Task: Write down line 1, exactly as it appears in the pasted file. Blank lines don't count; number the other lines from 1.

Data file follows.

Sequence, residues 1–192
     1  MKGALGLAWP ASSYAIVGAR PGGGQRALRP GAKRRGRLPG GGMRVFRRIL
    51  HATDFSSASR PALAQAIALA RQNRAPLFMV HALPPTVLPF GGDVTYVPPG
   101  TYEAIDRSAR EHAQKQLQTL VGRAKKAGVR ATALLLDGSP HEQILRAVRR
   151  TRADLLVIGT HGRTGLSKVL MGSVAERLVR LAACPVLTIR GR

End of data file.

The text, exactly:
Sequence, residues 1–192